Rmerge = ∑hkl ∑i|I(hkl)i − 〈I(hkl)〉|/∑hkl ∑i 〈I(hkl)i〉.
Crystal structure of the Escherichia coli SbmC protein that protects cells from the DNA replication inhibitor microcin B17
Article first published online: 26 MAR 2002
Copyright © 2002 Wiley-Liss, Inc.
Proteins: Structure, Function, and Bioinformatics
Volume 47, Issue 3, pages 403–407, 15 May 2002
How to Cite
Romanowski, M. J., Gibney, S. A. and Burley, S. K. (2002), Crystal structure of the Escherichia coli SbmC protein that protects cells from the DNA replication inhibitor microcin B17. Proteins, 47: 403–407. doi: 10.1002/prot.10102
- Issue published online: 26 MAR 2002
- Article first published online: 26 MAR 2002
- Manuscript Accepted: 21 DEC 2001
- Manuscript Received: 20 DEC 2001
- NIGMS. Grant Numbers: P50-GM62529, GM20276
Escherichia coli SbmC, also known as gyrase inhibitory protein GyrI and YeeB, is a 157-residue polypeptide with a predicted molecular mass of 18081.4 Da and a calculated pI = 4.61 (Fig. 1). The gene encoding SbmC is an SOS regulon gene induced by DNA-damaging agents and by the entry of cells into the stationary phase.1 The SbmC protein was originally identified as a factor that protects cells from the ribosomally synthesized 43-residue-long DNA replication inhibitor peptide microcin B17.1 More recently, it was shown that SbmC inhibits the supercoiling activity of the bacterial gyrase complex in vitro and that both overexpression of the protein and expression of the antisense sbmC RNA induce filamentous growth of cells and suppress cell proliferation. Therefore, the protein was renamed to reflect this function.2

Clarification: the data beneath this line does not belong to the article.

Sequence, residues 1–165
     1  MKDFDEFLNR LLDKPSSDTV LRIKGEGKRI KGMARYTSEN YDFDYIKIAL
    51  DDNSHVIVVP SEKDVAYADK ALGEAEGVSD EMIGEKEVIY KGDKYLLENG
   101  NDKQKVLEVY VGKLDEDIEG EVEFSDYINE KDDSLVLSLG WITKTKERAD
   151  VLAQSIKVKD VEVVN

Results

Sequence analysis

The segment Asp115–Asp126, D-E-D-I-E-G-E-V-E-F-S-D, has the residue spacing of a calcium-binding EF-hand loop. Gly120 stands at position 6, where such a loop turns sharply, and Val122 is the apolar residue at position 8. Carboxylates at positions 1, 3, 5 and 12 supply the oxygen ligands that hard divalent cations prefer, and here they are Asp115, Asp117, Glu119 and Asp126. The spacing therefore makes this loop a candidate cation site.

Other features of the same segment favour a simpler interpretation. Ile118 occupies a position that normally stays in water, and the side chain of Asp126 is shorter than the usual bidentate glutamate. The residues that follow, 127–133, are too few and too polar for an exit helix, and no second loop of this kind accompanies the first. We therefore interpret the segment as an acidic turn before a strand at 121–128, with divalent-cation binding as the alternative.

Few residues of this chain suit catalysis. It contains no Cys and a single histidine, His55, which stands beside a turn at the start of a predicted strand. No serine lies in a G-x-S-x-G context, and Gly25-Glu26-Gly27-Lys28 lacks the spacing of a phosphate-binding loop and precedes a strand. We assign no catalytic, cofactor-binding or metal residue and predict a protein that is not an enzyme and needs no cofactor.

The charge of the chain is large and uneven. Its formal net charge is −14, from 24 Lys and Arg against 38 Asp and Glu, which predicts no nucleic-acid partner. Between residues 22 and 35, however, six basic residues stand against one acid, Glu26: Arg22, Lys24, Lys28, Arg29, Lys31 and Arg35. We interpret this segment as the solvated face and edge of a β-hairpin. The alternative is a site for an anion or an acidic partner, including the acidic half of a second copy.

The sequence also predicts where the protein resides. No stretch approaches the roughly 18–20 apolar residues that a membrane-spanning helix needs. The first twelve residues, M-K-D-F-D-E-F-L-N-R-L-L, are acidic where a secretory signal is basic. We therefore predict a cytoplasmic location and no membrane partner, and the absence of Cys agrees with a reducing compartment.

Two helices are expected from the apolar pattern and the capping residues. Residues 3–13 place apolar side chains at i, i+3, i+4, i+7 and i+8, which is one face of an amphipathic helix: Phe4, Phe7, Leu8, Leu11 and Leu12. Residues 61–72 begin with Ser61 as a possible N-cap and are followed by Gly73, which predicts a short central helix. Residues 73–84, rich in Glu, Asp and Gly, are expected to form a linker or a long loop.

X-ray structure determination of SbmC revealed a compact α/β protein (dimensions 39 Å × 40 Å × 51 Å) with two four-stranded antiparallel β-sheets (N-terminal sheet: β5, β2, β4, and β3; C-terminal sheet: β8, β9, β6, and β1) and two α-helices (αA and αB) overlying the N- and C-terminal β-sheets, respectively [Figs. 1(a) and 2(a)]. The linear arrangement of the secondary structural elements within the polypeptide chain is β1, β2, αA, β3, α3 (denoting a three-residue α-helix), β4, β5, β6, αB, β7 (which runs antiparallel to the C-terminal portion of β9), β8, αC (a short α-helix), and β9 [Fig. 1(a)].
The protein resembles a cupped hand [Fig. 2(a)] with the β-sheet forming the palm and α-helices αA and αB making up the thenar eminence and the fingers, respectively. Two similar halves of SbmC are related by a pseudo two-fold symmetry [Figs. 1(b), 2(a), and 2(b)], suggesting that the full-length protein arose from duplication and fusion of an ancestral gene encoding a dimeric protein of about 80 residues. Superposition of the N-terminal half (residues 1–77) onto residues 78–155 using the DALI3 server yielded a Z-score of 5.8 and a root-mean-square deviation (RMSD) of 3 Å, with five pairs of secondary structural elements related by the pseudo-dyad [β1–β5, β2–β6, αA–αB, β3–β8, and β4–β9; Figs. 1(b) and 2(b)]. The sequence identity between both segments of SbmC produced with a structure-based alignment is 13% [Fig. 1(b)].
Surface electrostatic calculations revealed an acidic groove, walled off on each side by αA, α3, αB, and αC and with its base formed by β3 and β8 [Figs. 2(a) and 3)]. The dimensions of the groove (length = 30 Å, width = 15 Å, height = 17 Å) are compatible with binding of linear peptides, making SbmC structurally, and possibly functionally, similar to the MHC proteins.4